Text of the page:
Pope's point there - and this is where the satire starts - is that the society of his day placed too much emphasis on trivial things like surface beauty (thank God we're over that...). He's trying to compare that maybe someone would find getting their hair cut off as depressing as having their queen stolen or a massive war with another land. That means that the poem is both satirizing the genre of epic and also the modern sensibility at the same time. It's a double satire - he's working hard.

The main character here is Belinda, a beautiful woman called the 'Fairest of the Mortals' by Pope in the first canto, which, if you're familiar with Homer, might sound a little bit like Helen of Troy (and I don't think that was an accident). In this section of the poem, Belinda wakes up and gets ready to go to a ball, and that's about it. If Stephenie Meyer - the Twilight lady - had written The Rape of the Lock, this section would take like 35 pages and it would be told in excruciating detail (because that book is terrible). But Alexander Pope was much more skilled than Stephenie Meyer (sorry Twilight fans).

However, since this epic is modeled after the likes of Homer, Belinda gets some supernatural help getting ready. The gods are always interfering in Homer's works, and this happens here, too. Belinda's supernatural help comes from someone named Ariel, her guardian sylph - basically an 'air spirit' that Pope uses as a satirical equivalent of a major god or goddess who intercedes in the hero's life - like Athena, for example, except Ariel's a dude. If you're familiar with Shakespeare's The Tempest, you might recognize Ariel as the name of Prospero's servant, but, realistically, you're probably thinking of The Little Mermaid. However, Ariel's a man, so that's not a good association.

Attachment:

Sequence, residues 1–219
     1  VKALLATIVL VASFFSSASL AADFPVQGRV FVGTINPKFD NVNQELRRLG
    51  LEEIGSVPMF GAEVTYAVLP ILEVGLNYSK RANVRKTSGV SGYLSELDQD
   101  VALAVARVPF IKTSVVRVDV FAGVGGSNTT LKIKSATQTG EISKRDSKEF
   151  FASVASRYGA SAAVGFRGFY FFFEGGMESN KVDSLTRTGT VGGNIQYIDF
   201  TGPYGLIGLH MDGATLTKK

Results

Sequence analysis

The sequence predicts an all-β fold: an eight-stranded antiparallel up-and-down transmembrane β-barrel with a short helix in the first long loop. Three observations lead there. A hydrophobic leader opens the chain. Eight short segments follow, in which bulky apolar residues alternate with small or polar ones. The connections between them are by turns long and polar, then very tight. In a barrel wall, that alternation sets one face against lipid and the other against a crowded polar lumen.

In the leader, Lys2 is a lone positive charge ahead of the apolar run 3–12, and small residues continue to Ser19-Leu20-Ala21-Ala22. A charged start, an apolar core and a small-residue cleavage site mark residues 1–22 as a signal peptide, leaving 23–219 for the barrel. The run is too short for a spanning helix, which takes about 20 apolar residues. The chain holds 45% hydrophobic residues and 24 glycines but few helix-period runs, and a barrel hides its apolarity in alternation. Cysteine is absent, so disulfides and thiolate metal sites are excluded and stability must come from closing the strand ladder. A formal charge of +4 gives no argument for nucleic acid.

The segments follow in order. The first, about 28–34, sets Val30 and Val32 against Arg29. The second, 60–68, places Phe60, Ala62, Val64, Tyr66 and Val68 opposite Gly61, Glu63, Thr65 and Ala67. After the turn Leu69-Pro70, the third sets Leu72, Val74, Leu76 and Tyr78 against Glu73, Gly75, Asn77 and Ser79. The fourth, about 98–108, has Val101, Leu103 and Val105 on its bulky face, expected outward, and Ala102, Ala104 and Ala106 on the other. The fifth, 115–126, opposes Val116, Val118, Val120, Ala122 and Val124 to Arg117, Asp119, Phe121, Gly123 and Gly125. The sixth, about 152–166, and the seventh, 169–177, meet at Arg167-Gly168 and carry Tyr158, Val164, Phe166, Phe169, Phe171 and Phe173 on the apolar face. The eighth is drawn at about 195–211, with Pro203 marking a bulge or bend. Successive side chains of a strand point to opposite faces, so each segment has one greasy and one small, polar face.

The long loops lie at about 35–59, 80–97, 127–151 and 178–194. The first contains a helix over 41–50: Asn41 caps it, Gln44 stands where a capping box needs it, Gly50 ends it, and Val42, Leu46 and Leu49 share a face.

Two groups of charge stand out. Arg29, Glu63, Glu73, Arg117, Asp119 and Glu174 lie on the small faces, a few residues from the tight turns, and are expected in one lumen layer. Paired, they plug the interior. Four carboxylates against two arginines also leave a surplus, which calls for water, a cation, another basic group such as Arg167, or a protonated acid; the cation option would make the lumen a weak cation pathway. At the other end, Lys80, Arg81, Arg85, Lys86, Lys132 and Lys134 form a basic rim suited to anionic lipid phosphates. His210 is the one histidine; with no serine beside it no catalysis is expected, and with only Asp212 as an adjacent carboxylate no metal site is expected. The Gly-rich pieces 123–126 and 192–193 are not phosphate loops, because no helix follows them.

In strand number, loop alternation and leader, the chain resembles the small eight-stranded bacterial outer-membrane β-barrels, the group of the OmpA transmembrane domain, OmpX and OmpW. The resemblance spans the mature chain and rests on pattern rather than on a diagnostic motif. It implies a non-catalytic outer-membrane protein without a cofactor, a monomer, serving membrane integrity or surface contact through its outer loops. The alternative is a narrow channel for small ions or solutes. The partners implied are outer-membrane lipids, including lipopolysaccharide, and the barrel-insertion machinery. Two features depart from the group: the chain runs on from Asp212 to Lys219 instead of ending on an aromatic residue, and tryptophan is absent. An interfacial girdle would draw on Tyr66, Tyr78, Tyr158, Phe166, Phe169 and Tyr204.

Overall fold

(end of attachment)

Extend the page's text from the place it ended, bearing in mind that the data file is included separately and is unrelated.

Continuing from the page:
Ariel and his fellow sylphs, Pope says, have the duty of protecting virgins - to quote from the poem, 'Whoever fair and chaste / Rejects Mankind, is by some Sylph embraced.' You can see the rhyming couplet right there - chaste/embraced. Nice work. Ariel, in keeping with his duty as a protector, warns Belinda of dark omens on the horizon, but he's not exactly sure what they are. We know what they are - someone's going to cut her hair.

Those omens, we learn, are there because of the Baron, the poem's main antagonist, who we meet in Canto 2. The Baron is an admirer of Belinda's who's been plotting to steal her most prized trait, which Pope says are 'two Locks which graceful hung behind / In equal Curls, and well conspir'd to deck / with shining Ringlets the smooth Iv'ry neck.' He's talking about her hair - it's really pretty and hanging in curls around her pale neck. In other words, Belinda is known for her hair, and the Baron, who's obsessed with her, wants to steal some of it for himself - that's all that's going on so far.

But Pope words this in a way to let us know that the Baron is a total creep - he's not a lovestruck Romeo, he's a weirdo. Here's what he says: 'Th' Adventrous Baron the bright Locks admir'd, / He saw, he wish'd, and to the Prize aspir'd: / Resolv'd to win, he meditates the way, / By Force to ravish, or by Fraud betray.' I guess just asking her for some hair is out of the question. Besides introducing us to the Baron, Canto 2 also brings Belinda to the party by a sea voyage, which is another element of epic poetry that Pope's making fun of - there are always ships sailing somewhere in Homer's works.

In Canto 3, after a game of cards is written up like a grand battle, the Baron sets himself for his nefarious task. He's aided by Clarissa, a young lady who fancies the Baron for herself. This is one of those sad kind of 'if I do this for someone, maybe he'll like me' approach that you might observe in people you know from time to time or perhaps have been guilty of yourself (we've all been there - no judgment). Clarissa's role in the plot is to hand the Baron the scissors and not much else. This is really where the overblown satire comes in. All she's doing is handing the Baron the scissors to cut some hair from a girl who doesn't know her hair is about to be cut.